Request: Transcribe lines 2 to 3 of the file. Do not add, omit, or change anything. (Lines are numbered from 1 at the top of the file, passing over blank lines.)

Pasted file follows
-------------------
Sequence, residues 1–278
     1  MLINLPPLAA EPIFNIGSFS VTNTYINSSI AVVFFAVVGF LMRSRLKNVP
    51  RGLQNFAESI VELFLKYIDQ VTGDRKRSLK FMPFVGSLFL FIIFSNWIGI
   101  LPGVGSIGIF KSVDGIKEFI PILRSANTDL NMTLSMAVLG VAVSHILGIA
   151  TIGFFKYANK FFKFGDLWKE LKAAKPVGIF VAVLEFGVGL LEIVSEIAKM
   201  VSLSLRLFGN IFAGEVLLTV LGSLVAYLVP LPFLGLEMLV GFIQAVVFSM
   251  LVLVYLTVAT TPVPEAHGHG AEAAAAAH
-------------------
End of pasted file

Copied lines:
     1  MLINLPPLAA EPIFNIGSFS VTNTYINSSI AVVFFAVVGF LMRSRLKNVP
    51  RGLQNFAESI VELFLKYIDQ VTGDRKRSLK FMPFVGSLFL FIIFSNWIGI